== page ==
Leannda is on her way with (DJ) mix of tech support

Leannda Ward is pretty tech-savvy. The 30-year-old, who was born blind, has used digital devices since she was a child. During the lockdown, she even got herself some DJ CD decks and started mixing music at home in North East Lincolnshire. 

Image shows a laptop attached to DJ decks, people are dancing in the backgroundAlthough Leannda was comfortable using her new tablet, she says AbilityNet’s assessment and follow-up calls enabled her to customise the kit for her needs. 

Leannda received her device thanks to Digital Lifeline, a government scheme providing learning disabled people access to tablets. She got the tech through Foresight North East Lincolnshire, a charity that supports disabled people and where Leannda does regular arts and crafts sessions.

Leannda says: “I wasn’t nervous about getting the tablet, but it was still useful being trained to use it.” 

For support adapting technology call our helpline 0300 180 0028


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Braille support for an Android device

Having previously used Apple devices, Leannda says it was helpful to have advice on the Android operating system: “The barrier was going to Android from an Apple device, but once you get used to it, it’s fine.” Typing in Braille, she adds, is far better on an Android tablet. 

She also valued AbilityNet’s help in connecting her existing Bluetooth Braille keyboard to the tablet. She was pleased the tablet was pre-loaded with apps: “The email one was really useful to start using straight away.”

During our initial assessment, Leannda also said she wanted to use the tablet to play games for the blind and join in online forums. 

Our volunteers recommended the installation of BrailleBack, an accessibility app that enables Leannda to connect a refreshable Braille display to her Android device via Bluetooth. With BrailleBack, screen content appears on Leannda’s Braille display, and she navigates the tablet using the keys on the display.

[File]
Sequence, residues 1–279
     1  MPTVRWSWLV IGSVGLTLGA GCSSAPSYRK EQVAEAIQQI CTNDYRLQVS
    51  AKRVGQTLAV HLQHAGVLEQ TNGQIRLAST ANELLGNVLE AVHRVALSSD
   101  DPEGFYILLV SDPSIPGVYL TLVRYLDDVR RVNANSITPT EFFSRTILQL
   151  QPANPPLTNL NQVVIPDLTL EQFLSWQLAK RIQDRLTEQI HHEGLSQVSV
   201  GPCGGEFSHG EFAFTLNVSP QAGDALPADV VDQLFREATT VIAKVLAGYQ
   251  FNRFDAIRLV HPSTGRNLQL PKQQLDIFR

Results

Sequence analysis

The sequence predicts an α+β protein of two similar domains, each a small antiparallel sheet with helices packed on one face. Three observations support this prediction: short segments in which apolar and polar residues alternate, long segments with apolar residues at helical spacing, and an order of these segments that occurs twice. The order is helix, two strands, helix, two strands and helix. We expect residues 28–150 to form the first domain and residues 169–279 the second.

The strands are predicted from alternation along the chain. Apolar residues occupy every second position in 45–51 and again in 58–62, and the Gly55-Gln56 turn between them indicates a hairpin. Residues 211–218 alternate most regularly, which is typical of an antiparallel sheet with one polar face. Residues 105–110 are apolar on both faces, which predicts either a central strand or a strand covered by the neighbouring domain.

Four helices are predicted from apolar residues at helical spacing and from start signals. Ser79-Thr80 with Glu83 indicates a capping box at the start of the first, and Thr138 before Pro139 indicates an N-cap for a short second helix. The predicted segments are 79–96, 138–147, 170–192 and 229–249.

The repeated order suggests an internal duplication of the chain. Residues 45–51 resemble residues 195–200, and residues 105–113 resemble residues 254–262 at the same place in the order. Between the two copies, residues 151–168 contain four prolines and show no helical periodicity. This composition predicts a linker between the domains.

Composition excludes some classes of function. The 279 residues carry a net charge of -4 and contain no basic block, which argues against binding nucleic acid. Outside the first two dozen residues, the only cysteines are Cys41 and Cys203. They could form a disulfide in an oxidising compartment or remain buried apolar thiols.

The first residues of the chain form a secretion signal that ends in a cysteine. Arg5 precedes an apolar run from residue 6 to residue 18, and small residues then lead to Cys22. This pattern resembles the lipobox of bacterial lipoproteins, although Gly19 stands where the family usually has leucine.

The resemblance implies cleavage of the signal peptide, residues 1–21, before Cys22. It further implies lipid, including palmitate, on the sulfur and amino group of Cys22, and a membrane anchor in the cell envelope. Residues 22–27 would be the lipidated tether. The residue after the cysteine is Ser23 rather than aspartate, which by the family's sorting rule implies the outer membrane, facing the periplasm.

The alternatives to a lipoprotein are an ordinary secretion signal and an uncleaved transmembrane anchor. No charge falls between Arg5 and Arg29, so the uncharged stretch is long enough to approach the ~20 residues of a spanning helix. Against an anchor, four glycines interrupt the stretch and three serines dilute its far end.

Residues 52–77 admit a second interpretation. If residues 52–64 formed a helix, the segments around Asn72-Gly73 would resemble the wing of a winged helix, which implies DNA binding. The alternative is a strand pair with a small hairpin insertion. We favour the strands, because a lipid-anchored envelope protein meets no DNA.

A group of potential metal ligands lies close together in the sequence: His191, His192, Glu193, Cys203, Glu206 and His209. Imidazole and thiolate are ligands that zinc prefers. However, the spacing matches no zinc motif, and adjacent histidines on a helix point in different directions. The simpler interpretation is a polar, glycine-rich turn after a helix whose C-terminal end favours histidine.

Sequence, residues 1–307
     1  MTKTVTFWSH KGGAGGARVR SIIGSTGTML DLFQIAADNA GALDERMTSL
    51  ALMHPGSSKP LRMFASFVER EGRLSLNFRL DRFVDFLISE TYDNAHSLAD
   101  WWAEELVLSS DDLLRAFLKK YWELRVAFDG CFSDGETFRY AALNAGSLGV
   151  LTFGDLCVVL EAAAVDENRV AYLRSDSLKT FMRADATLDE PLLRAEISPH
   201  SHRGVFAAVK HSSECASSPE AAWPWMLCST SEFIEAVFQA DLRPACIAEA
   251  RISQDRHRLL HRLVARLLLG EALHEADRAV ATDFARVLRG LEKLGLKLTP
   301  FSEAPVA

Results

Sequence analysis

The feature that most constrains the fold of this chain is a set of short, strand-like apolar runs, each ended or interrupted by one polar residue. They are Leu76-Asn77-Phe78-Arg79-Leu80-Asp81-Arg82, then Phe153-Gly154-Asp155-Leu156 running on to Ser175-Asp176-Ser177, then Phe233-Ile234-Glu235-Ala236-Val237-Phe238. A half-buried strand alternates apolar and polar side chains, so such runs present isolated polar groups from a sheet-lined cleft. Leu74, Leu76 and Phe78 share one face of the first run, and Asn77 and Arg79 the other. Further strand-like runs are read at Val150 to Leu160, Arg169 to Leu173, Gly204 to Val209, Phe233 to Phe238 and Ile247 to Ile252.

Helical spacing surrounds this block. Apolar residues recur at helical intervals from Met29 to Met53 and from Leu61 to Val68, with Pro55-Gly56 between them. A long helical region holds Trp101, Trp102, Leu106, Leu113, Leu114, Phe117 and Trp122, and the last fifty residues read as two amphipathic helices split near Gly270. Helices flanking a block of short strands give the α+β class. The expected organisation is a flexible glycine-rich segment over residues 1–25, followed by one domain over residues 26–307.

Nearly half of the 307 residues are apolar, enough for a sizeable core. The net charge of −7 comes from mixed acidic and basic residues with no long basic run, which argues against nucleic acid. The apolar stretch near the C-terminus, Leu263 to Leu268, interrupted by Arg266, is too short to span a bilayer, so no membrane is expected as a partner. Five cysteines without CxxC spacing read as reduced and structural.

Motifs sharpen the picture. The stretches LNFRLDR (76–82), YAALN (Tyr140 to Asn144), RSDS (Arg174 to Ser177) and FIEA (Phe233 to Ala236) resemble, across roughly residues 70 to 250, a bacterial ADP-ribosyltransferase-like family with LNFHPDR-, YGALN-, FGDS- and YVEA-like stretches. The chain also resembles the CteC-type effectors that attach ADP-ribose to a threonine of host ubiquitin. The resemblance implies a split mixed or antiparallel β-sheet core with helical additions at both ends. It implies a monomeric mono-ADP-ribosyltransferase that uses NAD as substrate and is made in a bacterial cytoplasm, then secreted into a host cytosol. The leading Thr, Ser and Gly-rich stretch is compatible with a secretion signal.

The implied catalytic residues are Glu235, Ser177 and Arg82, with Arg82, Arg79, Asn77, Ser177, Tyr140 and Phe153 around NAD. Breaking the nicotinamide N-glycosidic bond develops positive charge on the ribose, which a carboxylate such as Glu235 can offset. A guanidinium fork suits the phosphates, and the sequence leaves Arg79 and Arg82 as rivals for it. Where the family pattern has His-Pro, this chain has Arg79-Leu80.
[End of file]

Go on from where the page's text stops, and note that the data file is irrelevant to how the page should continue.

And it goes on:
We also advised using settings like text-to-speech (if Leannda touches text on the screen, the tablet reads it out) and speech-to-text (when Leannda talks to the tablet, it writes her words). Other recommended settings enable Leannda to speak or type, and the tablet will do or find out what she asks (like sending messages or checking the weather).

A picture of the app store page for the Game Dice World
As for playing games, Leannda is currently enjoying Dice World, an accessible game for people with visual impairments.

The new tablet will also make it easier for Leannda to keep up with her voluntary role co-chairing and promoting a local group for the blind: “We organise social activities once a week…what I like about chairing the group is being able to get things organised.”

The tablet’s biggest benefit, she says, is the access to her online activities in one place: “Facebook is easier to use on the tablet than on my phone. Before, I might use it on my phone and use email on a computer, but now I have it all in one place.”

Digital Lifeline is an emergency response project delivering devices, data, and digital skills support to digitally excluded people with learning disabilities. It’s funded by the Department for Digital, Culture, Media & Sport (DCMS) and delivered by Good Things Foundation in partnership with AbilityNet and Digital Unite. The project is also supported by Learning Disability England, the Voluntary Organisations Disability Group, self-advocates and other disability and digital inclusion organisations. Find out more in our impact report.

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